• HarshilJK

    Hey, we at FoxyMoron use DeskAway. Its handy - cheaper and everything that you are looking for. For a lot of our content work it acts as an online repository and i think the interface is super intuitive!

  • Aditi

    I am a 1-person IT team / collaborator / CTO all rolled into one for a medium-sized firm and I would recommend Deskaway for your needs mainly for it's user-friendliness and superior customer support. Personal contact and on-going support from the Development/Admin team has convinced me of continuous evolution of the product. Most importantly, I think it would be difficult to find a better alternative for a technically superior, online, Project Management software at a better price and a better Support system.

  • instigator

    Have a look at Wrike. Depending on the features you need it will be between $4 and $12 per month per user, if you go for the year-to-year option. They have a lot to offer: email integration, interactive gannt chart, wiki feature set and some other cool stuff.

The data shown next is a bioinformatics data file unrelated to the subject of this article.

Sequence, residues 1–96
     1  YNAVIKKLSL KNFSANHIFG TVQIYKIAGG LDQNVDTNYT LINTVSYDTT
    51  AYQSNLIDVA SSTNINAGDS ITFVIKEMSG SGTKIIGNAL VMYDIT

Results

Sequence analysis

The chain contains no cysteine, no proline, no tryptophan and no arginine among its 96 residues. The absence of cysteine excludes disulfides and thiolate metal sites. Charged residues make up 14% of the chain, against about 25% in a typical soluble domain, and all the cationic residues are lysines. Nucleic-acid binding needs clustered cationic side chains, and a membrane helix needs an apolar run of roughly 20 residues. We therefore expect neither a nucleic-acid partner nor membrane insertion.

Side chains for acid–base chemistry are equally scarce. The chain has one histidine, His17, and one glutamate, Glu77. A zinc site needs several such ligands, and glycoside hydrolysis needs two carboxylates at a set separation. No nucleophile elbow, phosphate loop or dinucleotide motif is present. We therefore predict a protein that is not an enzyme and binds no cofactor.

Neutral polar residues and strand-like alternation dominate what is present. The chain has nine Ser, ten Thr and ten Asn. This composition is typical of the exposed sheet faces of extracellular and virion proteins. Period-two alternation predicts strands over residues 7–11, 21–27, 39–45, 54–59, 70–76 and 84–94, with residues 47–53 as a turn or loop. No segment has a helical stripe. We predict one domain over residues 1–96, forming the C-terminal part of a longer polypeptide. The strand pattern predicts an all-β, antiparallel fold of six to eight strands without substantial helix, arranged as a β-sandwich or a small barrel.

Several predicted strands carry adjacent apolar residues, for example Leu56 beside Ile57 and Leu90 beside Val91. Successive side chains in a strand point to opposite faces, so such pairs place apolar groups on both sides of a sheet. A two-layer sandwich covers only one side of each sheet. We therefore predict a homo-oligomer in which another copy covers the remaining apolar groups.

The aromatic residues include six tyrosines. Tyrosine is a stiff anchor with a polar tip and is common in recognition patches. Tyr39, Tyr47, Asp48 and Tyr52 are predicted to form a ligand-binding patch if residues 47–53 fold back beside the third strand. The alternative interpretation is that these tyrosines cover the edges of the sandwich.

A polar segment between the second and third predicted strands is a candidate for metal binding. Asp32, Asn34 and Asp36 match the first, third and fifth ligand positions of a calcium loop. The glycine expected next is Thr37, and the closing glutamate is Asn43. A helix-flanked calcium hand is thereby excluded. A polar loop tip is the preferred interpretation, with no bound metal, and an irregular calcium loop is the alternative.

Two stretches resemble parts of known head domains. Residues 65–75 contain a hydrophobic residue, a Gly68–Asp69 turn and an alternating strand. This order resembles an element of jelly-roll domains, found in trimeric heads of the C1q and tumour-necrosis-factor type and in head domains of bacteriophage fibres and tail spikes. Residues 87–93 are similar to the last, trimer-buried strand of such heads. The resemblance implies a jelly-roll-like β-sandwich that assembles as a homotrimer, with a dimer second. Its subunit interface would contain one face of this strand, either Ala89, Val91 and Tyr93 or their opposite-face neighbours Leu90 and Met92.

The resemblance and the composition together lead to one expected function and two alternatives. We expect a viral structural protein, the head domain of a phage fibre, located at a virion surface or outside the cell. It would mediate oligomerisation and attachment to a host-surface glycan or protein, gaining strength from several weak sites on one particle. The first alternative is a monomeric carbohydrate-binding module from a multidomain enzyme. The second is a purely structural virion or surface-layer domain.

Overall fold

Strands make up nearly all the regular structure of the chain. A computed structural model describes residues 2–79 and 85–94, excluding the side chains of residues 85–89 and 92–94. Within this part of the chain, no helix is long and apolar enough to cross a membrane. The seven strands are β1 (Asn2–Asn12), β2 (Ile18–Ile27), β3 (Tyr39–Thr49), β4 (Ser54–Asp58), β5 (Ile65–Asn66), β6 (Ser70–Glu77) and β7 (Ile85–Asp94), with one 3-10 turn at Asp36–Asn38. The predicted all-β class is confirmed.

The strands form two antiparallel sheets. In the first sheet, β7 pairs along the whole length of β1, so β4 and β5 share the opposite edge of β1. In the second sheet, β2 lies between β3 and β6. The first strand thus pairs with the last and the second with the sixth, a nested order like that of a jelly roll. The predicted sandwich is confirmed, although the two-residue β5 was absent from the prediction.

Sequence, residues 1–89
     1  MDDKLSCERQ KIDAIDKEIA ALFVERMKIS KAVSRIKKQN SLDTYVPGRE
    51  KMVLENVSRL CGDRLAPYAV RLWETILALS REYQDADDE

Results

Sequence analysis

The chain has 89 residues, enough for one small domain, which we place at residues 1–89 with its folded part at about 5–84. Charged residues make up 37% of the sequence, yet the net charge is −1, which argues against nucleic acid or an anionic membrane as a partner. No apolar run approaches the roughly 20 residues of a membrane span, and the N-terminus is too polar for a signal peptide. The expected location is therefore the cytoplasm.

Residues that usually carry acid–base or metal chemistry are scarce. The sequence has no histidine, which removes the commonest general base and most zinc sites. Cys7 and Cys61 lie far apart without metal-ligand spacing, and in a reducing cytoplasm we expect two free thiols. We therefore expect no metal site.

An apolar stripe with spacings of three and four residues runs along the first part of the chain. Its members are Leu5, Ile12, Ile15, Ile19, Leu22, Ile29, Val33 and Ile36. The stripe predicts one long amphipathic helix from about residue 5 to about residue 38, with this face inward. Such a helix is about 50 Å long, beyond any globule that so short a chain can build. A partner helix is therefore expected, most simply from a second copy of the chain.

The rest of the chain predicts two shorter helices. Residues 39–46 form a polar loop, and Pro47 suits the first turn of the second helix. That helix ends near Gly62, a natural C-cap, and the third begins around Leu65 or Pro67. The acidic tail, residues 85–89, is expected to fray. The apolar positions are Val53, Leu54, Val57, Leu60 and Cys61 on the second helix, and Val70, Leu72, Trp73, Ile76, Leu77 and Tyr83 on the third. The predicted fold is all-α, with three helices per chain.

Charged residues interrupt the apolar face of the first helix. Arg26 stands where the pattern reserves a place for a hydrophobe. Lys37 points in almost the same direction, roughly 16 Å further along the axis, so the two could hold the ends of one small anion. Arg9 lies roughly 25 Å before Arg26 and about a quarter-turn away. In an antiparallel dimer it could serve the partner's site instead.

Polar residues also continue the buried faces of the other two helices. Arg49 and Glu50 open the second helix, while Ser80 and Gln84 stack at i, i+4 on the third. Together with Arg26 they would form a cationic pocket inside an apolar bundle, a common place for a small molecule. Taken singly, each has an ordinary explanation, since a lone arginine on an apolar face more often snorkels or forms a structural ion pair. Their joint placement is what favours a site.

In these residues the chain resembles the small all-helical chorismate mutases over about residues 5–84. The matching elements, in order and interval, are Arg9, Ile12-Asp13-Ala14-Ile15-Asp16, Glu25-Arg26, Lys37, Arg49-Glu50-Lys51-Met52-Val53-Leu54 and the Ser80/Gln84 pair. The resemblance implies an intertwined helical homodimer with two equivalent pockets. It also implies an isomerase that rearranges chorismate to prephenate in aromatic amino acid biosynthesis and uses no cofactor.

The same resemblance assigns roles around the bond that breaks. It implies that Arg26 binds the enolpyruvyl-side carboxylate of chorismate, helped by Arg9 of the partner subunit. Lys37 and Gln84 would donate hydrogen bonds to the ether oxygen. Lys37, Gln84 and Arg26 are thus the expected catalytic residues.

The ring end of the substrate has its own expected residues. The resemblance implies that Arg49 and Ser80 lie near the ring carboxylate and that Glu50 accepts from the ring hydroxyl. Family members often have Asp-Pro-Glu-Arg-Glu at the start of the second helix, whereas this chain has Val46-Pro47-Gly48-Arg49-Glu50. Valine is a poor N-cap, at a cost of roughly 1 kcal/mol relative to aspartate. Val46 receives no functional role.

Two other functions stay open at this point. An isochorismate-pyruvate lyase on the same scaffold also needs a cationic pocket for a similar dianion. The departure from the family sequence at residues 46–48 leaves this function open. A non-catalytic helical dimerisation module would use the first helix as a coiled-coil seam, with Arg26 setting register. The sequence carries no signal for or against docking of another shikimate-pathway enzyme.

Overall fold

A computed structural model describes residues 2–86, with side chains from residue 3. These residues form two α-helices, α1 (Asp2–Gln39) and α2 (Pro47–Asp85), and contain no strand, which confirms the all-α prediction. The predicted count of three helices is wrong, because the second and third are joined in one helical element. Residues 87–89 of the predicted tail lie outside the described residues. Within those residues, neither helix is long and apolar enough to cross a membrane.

• Milan

    We are a 30 people internet solutions company. I have used few of the mentioned packages and here are my comments:

    - Basecamp: Great tool, works very well for simpler tasks and small teams of 2-3 people. But If you have bigger teams and want to use more advanced project management features, you are better of going for a different online project management solution.

    - Deskaway: I came to know about them from web worker daily blog and took up a trial account. Later I upgraded to the paid account and been quite happy with it. Most of required advanced features are supported with a simple user friendly interface. Support is quite prompt and the price is fairly competitive. Go ahead and try the Free trial and see if it works for your team.

    - Zoho: These guys seems to be trying to every thing under the earth and my impressions is "
    companies that claim they can do everything actually excel at nothing". They seem to have tried to copy Basecamp and add few more features, but the UI is quite clumsy and product has not come together very well.

  • john